- The Washington Times - Sunday, April 30, 2006

Republican officials preparing for a tough election in November have begun redeploying the voter turnout army of volunteers who produced the sweeping GOP victory in 2004.

At a time when voters are in a sour mood and the GOP-run Congress is experiencing its lowest approval polls in years, Republican operatives here have reactivated their ground forces in key battleground states. These campaign workers have been sending in weekly reports on the number of new Republican voters they have identified and registered in strategic toss-up races, using a vast e-mail network linking district, state, regional and national party operations.

The full scope of this effort remains largely under wraps, but top party officials have broadly described it to me because they want to get the word out that the GOP will be playing to its strengths this fall: rebuilding a massive get-out-the-vote drive that is far more effective than anything the Democrats have been able to put together.

It resembles the 2004 outreach organization, only this time the GOP will be using “micro-targeting” technology to thwart the Democrats’ fierce offensive to win control of Congress.

“Every single week our volunteers make tens of thousands of contacts with targeted voters,” a senior Republican Party official told me. Right now, there are thousands of volunteers, but eventually will grow into hundreds of thousands in the general election this fall. While Republican National Committee officials have declined to talk in specifics about it, RNC political director Mike DuHaime confirmed, “The organization is certainly in place and we’re moving forward. It’s kind of like a muscle that you have to keep exercising in order to keep it in shape.”

However, a senior party operative intimately involved in the voter turnout project described a large and growing grass-roots force that is given a set number of goals that must be met each week. “What we are doing now is relatively small compared to what we will be doing in the fall,” the operative said. “We probably had a technological edge in 2004, but we’re harnessing more technical power this time, bringing new efficiencies to what is really old-fashioned grass-roots politics.”

Florida, Pennsylvania, Ohio, Connecticut, New Jersey, Illinois, Indiana, South Carolina, Georgia and Tennessee are among several dozen states that will be targeted by the Republican volunteers.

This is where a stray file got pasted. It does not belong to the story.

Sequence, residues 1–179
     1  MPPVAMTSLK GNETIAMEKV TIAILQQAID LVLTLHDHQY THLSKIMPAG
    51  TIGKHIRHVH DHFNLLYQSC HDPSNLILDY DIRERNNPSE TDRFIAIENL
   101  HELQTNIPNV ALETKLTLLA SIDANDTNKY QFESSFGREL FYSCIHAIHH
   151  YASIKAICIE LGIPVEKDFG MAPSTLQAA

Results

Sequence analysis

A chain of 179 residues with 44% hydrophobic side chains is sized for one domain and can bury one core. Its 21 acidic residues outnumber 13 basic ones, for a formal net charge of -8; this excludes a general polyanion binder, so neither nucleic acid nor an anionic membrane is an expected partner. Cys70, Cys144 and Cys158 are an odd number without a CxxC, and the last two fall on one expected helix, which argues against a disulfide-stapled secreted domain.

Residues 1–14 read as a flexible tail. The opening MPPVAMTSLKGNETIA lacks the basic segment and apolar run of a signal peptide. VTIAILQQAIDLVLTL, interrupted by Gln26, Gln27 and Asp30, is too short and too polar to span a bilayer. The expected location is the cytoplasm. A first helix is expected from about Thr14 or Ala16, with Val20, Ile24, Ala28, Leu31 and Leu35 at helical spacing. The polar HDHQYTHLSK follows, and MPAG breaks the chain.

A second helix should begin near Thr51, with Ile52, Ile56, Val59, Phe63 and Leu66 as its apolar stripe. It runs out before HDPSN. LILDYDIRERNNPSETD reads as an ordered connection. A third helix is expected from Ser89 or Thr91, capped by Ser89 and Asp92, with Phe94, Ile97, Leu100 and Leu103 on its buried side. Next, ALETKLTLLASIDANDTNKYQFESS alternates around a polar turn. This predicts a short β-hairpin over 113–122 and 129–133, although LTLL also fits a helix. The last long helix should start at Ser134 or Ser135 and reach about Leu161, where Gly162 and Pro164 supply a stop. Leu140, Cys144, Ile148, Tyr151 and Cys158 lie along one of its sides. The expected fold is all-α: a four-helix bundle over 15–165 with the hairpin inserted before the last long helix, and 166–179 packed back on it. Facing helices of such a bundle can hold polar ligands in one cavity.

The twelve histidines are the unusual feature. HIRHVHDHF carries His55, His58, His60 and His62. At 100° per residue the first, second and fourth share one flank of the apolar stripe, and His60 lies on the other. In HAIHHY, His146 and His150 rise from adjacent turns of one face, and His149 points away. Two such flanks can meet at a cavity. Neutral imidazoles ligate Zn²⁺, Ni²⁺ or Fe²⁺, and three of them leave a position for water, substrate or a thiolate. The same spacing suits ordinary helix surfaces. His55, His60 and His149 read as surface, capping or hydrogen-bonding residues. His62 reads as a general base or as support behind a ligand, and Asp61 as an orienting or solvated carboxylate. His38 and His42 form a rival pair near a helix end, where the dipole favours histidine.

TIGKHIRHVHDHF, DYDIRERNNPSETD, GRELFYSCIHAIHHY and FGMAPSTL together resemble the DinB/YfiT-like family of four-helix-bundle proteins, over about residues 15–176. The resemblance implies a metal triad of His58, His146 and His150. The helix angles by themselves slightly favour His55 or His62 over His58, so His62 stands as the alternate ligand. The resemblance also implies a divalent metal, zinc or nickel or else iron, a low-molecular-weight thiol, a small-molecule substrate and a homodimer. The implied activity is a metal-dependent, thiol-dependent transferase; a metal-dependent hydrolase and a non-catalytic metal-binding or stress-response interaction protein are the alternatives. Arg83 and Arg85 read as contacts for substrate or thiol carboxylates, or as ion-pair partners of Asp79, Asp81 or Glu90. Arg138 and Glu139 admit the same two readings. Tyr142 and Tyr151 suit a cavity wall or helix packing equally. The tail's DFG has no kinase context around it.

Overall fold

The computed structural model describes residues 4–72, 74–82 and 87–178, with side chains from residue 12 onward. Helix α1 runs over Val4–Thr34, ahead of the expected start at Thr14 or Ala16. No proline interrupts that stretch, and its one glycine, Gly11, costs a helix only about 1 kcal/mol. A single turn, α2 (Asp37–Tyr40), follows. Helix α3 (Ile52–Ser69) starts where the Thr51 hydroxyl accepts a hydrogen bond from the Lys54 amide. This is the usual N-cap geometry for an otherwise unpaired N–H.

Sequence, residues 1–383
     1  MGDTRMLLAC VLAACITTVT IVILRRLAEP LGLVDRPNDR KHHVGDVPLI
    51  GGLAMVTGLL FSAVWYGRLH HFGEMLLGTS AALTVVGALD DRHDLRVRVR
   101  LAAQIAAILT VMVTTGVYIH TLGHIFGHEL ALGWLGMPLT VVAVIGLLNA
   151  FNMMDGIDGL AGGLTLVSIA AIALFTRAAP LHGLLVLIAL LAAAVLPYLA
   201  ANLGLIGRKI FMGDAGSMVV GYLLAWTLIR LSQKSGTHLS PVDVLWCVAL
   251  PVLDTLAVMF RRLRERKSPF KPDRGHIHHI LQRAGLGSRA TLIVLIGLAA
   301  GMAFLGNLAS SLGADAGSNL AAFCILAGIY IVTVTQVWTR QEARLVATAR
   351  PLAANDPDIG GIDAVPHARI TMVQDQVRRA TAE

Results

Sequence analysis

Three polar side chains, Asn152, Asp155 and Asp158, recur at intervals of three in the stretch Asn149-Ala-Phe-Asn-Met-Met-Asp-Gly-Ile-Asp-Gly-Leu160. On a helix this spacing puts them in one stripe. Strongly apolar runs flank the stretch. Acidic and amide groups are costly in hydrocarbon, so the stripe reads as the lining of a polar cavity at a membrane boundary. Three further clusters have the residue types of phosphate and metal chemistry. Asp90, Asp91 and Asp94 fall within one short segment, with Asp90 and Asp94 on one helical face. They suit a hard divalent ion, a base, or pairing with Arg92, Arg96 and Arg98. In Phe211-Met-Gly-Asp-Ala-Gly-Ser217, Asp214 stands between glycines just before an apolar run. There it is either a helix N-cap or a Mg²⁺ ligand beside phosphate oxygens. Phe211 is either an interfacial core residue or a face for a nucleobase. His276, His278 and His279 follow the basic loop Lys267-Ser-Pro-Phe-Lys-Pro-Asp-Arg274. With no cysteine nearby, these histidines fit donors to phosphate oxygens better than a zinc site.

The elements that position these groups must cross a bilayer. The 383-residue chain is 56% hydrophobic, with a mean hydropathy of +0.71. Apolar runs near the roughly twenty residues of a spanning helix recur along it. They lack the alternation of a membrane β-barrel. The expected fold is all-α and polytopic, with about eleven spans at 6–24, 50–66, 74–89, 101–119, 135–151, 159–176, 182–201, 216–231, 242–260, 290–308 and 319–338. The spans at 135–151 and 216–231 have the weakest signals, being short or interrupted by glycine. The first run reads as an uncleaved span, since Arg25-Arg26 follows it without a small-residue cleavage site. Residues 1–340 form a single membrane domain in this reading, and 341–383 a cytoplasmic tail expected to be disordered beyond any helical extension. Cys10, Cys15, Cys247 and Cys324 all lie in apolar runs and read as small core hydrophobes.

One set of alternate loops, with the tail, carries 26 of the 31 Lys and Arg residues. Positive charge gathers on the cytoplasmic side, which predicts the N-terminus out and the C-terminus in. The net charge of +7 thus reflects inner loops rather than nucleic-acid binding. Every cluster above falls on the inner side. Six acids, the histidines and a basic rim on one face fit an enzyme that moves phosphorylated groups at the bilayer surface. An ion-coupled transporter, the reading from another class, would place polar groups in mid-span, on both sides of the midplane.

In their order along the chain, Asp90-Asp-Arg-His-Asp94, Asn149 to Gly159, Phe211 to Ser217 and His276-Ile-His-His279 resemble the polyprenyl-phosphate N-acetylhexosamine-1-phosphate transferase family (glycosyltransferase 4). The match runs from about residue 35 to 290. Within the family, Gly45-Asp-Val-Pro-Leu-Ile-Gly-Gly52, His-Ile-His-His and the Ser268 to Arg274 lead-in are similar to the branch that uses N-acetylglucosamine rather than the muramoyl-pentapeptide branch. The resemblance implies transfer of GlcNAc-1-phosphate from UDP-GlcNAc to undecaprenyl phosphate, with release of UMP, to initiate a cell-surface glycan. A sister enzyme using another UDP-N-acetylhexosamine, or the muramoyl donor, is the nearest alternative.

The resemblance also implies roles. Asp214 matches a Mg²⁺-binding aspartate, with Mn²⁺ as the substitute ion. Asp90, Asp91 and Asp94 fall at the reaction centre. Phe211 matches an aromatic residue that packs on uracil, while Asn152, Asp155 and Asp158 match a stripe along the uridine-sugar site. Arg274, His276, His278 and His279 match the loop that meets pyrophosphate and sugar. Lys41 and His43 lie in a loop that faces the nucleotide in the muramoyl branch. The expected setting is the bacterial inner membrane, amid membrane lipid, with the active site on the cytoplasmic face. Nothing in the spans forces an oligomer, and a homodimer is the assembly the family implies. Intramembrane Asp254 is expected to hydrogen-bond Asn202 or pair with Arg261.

In addition, the GOP already has “active organizations on the ground, meaning paid staff, in more than two dozen states that will be greatly expanded in the months to come,” this official said.

The generic congressional polls now look bleak for the GOP, but there is less than meets the eye. First, they usually overstate the Democratic vote. They also do not mention candidates’ names but ask only which party voters will support. Such polls have historically shown Democrats leading in years when the Republicans in fact made gains in Congress.

Moreover, Republican strategists familiar with the GOP’s renewed voter outreach effort say historically Republican voters tend to turn out in much larger numbers than the Democrats in midterm elections and that the Republican ground game is better equipped than the Democrats at targeting its voters and getting them to the polls.

“In ‘02 and ‘04 we did a lot better job than the Democrats in turning out the vote,” veteran Republican strategist Charlie Black told me. “The RNC has been nurturing its voter turnout organization and it will be there to do the same thing this year.

“In midterm elections less than 50 percent of eligible voters turn out to vote, so it will depend which ones they are and getting your voters to the polls in large enough numbers,” Mr. Black said.

Grass-roots party strategists similarly are enthused by the RNC’s aggressive voter turnout drive and say the door-to-door drive will help re-energize Republican voters at the party’s base.

“The Republicans have invested tremendous resources and energy in their turnout model so they know who to target and what messages work with voters,” said John Brabender, a Pennsylvania campaign consultant advising Republican Sen. Rick Santorum’s campaign.

“What was effective in 2004 I think will be effective in 2006,” he said.

This year’s House and Senate elections are shaping up to be one of the hardest-fought midterm battles ever. But Republicans have road-tested and perfected an efficient voter identification and turnout system that, as in 2004, could be the critical factor this November.

Donald Lambro, chief political correspondent of The Washington Times, is a nationally syndicated columnist.

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